• If you are buying a major water using appliance like washing machine or dish washer, go for the most water efficient one you can afford.


Depending on your circumstances a grid connected array of solar panels, are a possibility as is solar hot water if you can get access to roof area facing north, although you will have to go through the body corporate if your property is under strata title. Before you look at these more difficult, expensive and technical options to provide yourself with a more sustainable energy supply, change over to a green energy supplier and with one phone call you can reduce your energy footprint dramatically.

If you are a bit of a tech head you could put together a photovoltaic array complete with batteries and 12 volt appliances or even an inverter if you could get access to some direct sunlight, but that is somewhat beyond the scope of this article. There are, however, fairly inexpensive lights designed to be used in sheds that have a photovoltaic panel wired to some LED lights and an internal battery which could be set up to provide solar lighting with a minimum of fuss, assuming you can get access to the sunlight.

Comercially available modular solar light

As with water, the most sustainable thing you can do about your energy usage is to reduce it, regardless of how it is generated and there are also lots of things you can do to reduce your energy use -

  • Like with the water-using appliances make sure that you buy the ones with the most stars and the least consumption, including bypassing a plasma TV for an LED or LCD screen.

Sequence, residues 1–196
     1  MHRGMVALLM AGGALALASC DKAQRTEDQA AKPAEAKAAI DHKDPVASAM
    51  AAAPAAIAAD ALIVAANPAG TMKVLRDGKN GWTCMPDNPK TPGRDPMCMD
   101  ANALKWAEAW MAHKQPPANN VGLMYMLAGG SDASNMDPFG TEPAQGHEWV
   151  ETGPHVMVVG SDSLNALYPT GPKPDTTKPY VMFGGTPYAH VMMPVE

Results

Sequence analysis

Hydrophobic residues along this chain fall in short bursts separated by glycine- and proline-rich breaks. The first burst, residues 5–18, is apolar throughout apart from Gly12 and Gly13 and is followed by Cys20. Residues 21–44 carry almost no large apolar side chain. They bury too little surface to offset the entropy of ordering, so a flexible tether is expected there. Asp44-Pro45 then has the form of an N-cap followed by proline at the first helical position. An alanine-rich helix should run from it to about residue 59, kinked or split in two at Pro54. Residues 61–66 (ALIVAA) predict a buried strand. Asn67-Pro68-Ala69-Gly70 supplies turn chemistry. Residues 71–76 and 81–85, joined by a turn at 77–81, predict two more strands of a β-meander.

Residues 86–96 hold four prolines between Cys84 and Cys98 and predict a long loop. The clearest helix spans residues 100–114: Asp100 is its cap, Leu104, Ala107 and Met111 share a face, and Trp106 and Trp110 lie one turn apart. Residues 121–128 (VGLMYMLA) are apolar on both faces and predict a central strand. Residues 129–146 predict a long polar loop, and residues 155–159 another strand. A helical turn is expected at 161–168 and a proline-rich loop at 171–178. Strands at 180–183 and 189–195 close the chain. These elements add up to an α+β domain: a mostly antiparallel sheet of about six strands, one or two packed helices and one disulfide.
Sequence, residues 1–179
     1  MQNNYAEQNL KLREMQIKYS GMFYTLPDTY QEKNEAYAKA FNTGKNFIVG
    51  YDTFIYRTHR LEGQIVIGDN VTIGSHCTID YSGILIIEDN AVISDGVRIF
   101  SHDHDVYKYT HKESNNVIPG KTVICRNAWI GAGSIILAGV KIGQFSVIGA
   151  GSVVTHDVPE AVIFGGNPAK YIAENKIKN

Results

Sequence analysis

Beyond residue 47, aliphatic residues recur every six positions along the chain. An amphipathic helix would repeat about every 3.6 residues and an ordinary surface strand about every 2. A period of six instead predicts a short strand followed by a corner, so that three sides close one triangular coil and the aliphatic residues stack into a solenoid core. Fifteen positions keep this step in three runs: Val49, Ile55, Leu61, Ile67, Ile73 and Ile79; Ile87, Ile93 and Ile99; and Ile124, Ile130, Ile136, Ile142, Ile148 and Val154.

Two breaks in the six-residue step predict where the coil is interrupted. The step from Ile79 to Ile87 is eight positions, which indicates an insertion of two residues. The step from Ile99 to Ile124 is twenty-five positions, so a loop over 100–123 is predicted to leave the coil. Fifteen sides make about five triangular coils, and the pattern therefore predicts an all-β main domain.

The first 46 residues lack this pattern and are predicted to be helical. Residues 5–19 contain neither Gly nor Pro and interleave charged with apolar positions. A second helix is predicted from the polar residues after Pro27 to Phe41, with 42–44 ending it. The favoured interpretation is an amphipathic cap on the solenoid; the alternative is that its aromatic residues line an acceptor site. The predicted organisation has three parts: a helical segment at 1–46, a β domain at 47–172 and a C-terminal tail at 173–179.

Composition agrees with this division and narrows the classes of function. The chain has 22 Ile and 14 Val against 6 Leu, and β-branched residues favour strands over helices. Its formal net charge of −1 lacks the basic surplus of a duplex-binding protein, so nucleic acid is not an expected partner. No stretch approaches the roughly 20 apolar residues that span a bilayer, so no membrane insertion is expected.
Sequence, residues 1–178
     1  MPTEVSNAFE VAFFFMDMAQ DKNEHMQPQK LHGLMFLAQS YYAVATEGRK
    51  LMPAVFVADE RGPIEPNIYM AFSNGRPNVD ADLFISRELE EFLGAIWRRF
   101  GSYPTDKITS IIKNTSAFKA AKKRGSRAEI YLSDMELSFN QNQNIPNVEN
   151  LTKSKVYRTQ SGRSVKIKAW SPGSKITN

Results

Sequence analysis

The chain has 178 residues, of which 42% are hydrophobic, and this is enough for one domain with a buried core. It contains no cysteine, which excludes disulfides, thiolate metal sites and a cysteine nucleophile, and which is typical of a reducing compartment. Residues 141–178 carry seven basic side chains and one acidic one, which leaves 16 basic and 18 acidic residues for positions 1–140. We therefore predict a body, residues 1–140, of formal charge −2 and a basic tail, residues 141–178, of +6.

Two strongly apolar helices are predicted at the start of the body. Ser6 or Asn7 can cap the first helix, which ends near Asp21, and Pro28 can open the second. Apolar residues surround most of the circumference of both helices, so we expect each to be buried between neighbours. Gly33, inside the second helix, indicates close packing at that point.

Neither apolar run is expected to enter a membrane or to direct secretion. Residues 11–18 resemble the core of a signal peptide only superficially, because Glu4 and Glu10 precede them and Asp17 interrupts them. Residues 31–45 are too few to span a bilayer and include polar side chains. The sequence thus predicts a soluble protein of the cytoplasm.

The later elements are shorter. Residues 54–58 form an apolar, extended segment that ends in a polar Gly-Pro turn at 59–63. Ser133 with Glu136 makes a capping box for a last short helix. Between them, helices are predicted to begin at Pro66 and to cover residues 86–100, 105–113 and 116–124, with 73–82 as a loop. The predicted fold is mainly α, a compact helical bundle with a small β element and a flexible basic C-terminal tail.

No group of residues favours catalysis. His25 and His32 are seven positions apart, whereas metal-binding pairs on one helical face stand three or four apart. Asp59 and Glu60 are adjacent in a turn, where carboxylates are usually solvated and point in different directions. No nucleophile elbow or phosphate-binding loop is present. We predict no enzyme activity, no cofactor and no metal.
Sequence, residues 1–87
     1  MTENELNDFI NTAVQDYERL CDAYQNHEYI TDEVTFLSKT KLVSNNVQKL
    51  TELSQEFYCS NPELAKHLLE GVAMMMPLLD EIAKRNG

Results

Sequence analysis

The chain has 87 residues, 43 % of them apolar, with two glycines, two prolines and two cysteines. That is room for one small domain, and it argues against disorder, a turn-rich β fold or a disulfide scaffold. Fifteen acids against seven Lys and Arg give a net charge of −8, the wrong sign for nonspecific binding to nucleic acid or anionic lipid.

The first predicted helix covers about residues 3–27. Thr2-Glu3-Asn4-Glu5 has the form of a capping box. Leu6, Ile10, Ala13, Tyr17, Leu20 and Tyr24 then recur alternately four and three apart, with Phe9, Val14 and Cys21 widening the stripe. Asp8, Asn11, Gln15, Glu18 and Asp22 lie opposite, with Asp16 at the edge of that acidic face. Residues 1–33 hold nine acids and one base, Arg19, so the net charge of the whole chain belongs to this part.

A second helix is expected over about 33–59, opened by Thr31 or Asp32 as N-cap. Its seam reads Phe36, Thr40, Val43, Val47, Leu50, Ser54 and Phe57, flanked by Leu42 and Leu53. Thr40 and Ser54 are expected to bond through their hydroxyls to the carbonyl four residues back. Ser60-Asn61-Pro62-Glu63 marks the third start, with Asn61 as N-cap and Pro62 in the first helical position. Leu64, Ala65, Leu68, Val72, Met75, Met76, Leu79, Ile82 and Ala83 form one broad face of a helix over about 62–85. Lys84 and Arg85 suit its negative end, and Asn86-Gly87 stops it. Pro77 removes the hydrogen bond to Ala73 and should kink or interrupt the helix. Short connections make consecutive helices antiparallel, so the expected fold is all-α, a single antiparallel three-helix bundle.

• Turn off lights when not in use, change to compact fluoros and open the blinds and curtains to let the sunshine in during the day.
  • Heating and cooling takes extra energy so put on a jumper instead of the heater and make sure the seal on your fridge is good. Don’t put hot foods directly in the fridge either, let it cool down first.
  • Tool up for low energy cooking by making a stored heat or haybox cooker, making your own solar oven and getting hold of a pressure cooker. A wok is good to have too; the quick high heat cooking in a wok is good for preserving nutrients as well as saving energy.
  • Wash your clothes, hands and clean your teeth with cold water. You can have lots of hot drinks during the day by boiling up the kettle or jug once in the morning and putting the hot water into a thermos for use later.


Most urban areas have a good recycling system so if your local council has one, make us of it fully but don’t forget to avoid packaging, especially food packaging because there is so much of it, whenever you can. For your food waste, veggie peelings and other putrescible waste you can put it in a composter if you have room for one or make yourself a worm farm and keep the worms happy. Another option for those without a lot of room is to make yourself a bokashi bucket and then use the output for your worms or directly dig it in to where you intend to grow veggies. See if there is a local food co-op so you can buy what you don’t grow, but still keep your packaging waste as low as possible.

A home made Bokashi bucket helps compost food waste

There are challenges to living a more sustainable life wherever you area but the important thing is to start on your journey now, don’t wait until you make “the move” just get stuck into it and give it a go, good luck!